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Poker pro accused of cheating eliminated from WSOP Main Event

Updated July 11, 2022 - 10:13 pm

There were several notable players still alive in the World Series of Poker’s Main Event at the start of Day 5 on Monday, including defending champion Koray Aldemir and 2020 winner Damian Salas.

But one name on the chip counts stirred up stronger reactions and ruffled more feathers in the poker community than any other.

Ali Imsirovic arrived at the WSOP as public enemy No. 1, hounded by unsubstantiated allegations from fellow poker pros that he cheated online and during live tournaments.

He was a source of ridicule at the tables and on social media throughout his run in the $10,000 buy-in No-limit Hold’em World Championship at Bally’s before being eliminated Monday in 229th place for $46,800.

The Main Event continues Tuesday with Day 6 at Bally’s and inches closer to the final table. Karim Rebei of Algeria was the unofficial chip leader at the dinner break Monday with 197 players remaining.

Imsirovic is the 2021 Global Poker Index player of the year and currently sits No. 2 on GPI’s rankings. He also captured PokerGO Tour player of the year honors in 2021, winning 14 high-roller events.

Since he burst onto the poker scene a handful of years ago, the 27-year-old originally from Zenica, Bosnia and Herzegovina, has more than $18 million in live career earnings, according to HendonMob.com.

But in April, high-stakes pro Alex Foxen accused Imsirovic of using real-time assistance (RTA) and multi-accounts online, and colluding with players he financially backed during live tournaments. He also was alleged by Foxen of looking at another player’s hole cards during a $100,000 buy-in high roller event.

“Ali is known as a cheater to almost all in the high roller community, however without much ironclad proof, most stay silent,” Foxen wrote on Twitter.

Justin Bonomo, poker’s all-time leading money winner, made similar allegations on social media against Imsirovic, as did three-time WSOP bracelet winner Chance Kornuth.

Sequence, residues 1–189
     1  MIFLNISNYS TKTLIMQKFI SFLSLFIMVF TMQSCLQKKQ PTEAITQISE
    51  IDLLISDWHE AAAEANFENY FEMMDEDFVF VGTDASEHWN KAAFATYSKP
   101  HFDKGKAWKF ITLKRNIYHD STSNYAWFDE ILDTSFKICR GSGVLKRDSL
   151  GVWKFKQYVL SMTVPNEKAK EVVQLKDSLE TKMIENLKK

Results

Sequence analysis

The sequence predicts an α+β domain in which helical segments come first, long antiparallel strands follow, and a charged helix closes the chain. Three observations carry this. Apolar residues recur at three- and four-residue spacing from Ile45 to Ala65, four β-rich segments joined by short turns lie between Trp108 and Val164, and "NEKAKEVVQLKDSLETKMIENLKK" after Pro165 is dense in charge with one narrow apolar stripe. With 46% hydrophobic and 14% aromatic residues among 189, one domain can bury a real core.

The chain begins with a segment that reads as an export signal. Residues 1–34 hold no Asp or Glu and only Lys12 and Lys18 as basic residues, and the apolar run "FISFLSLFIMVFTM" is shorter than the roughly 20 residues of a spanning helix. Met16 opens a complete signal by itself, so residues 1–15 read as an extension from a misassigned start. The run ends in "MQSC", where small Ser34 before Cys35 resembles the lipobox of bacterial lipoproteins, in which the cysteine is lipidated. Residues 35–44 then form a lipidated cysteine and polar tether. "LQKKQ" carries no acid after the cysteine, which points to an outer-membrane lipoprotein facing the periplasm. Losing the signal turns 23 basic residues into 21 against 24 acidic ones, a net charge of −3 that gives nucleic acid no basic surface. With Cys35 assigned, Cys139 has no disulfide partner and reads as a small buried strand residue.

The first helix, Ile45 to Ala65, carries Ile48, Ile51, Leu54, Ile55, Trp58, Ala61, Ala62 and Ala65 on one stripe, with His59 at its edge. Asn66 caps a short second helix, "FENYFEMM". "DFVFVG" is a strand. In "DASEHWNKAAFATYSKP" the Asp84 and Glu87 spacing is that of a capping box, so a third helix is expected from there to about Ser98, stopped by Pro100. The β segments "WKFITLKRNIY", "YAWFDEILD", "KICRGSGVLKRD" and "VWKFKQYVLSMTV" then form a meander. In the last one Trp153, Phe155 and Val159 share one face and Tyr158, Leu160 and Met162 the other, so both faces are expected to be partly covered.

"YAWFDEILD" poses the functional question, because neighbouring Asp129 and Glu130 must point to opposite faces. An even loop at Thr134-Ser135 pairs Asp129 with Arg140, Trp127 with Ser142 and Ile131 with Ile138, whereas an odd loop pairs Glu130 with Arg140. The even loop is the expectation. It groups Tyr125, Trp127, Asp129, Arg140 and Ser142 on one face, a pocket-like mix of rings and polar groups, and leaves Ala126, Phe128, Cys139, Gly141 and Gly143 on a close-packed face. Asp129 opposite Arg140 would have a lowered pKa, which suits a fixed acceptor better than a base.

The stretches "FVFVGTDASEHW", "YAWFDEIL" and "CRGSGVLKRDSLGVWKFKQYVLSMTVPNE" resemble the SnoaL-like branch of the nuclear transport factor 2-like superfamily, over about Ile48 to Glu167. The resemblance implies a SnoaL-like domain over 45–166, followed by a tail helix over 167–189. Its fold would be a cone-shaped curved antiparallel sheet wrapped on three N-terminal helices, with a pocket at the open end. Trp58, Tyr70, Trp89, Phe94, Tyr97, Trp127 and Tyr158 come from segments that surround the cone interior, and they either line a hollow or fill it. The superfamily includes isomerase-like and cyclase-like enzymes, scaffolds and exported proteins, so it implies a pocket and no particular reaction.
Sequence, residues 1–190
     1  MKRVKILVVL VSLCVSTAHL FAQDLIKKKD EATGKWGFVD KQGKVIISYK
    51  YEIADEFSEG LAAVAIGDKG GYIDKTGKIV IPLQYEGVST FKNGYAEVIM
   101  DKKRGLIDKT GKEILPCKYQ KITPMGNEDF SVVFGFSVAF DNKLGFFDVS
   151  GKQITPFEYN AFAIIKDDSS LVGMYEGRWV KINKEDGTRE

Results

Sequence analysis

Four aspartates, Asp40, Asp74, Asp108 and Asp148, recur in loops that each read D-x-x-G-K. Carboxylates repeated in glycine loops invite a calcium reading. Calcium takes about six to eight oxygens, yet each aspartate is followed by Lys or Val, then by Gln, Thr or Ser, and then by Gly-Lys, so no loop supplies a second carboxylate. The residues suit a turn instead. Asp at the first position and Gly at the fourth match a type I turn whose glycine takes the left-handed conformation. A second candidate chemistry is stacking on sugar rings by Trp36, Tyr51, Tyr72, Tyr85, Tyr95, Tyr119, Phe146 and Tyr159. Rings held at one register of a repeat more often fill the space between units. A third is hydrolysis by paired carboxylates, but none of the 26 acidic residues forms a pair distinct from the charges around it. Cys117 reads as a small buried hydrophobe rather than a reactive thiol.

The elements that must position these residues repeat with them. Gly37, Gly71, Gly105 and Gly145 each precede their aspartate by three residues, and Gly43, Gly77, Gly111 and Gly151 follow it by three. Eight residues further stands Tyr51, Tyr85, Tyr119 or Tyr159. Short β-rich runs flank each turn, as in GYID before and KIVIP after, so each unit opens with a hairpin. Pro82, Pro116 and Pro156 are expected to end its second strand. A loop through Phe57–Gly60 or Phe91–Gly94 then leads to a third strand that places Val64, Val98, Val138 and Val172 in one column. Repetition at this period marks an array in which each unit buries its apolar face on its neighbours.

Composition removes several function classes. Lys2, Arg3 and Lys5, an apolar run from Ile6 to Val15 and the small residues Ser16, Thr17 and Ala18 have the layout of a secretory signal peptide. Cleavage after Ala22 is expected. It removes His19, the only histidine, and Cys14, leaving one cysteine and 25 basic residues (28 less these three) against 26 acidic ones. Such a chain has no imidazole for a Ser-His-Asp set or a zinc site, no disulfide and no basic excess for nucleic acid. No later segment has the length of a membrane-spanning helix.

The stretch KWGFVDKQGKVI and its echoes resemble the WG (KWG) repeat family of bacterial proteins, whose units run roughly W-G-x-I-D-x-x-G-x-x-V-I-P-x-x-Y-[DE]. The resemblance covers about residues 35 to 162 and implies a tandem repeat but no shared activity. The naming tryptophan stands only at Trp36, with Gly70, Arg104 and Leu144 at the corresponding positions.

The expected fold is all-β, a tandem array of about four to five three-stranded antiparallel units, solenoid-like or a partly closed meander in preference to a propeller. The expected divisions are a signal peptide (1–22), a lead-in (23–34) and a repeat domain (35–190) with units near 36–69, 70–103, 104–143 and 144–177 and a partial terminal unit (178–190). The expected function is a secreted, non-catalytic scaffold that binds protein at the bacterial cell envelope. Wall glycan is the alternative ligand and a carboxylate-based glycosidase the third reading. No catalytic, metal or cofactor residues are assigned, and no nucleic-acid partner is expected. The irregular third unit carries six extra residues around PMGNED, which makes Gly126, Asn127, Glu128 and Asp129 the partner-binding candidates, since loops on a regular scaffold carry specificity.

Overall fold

RTA is a form of software that tells a player in real time the optimal way to play a hand during a tournament or cash game. It is considered cheating by online poker sites.

Imsirovic has not responded to the accusations publicly and has declined to be interviewed during the WSOP. But his presence has caused a stir with every deep tournament run he’s made.

Imsirovic’s Wikipedia page was anonymously edited to describe him as “a Bosnian-American professional RTA-advantaged poker player from Vancouver, Washington.”

He finished fourth in the $100,000 buy-in High Roller Bounty No-Limit Hold’em event at the start of the WSOP as some members of the poker community questioned whether he should be allowed to play despite the fact that the cheating allegations haven’t been proven.

During Day 4 of the Main Event, Imsirovic was reportedly mocked by poker pro Dan Smith before he was seated at the feature table for PokerGO’s coverage. Imsirovic somehow managed to fly under the radar for most of the session, though, as Zilong Zhang’s aggressive betting and speech play captivated the audience.

Imsirovic also was prominently mentioned the past two days in the WSOP tournament updates, which are provided by PokerNews. That recognition was the subject of a heated debate on Twitter, with some players taking exception to how Imsirovic was portrayed.

“I hope it doesn’t go unnoticed that @PokerNews had zero issue shadow banning (Paulina Loeliger) last year, refusing to cover her in any capacity, but have zero issue doing full write ups & max coverage on a collection of known cheaters who have fleeced the community for 8 or 9 figs,” poker pro Matt Berkey posted.

Berkey’s tweet prompted several responses, with PokerNews executive editor Chad Holloway defending the work of tournament reporters who provide updates.

A potentially uncomfortable situation for the WSOP was avoided early Monday evening, as Imsirovic was eliminated by Austin Apicella’s pocket queens. In the hand recap, he was described as “the scandal embroiled Imsirovic.”


Contact David Schoen at dschoen@reviewjournal.com or 702-387-5203. Follow @DavidSchoenLVRJ on Twitter.

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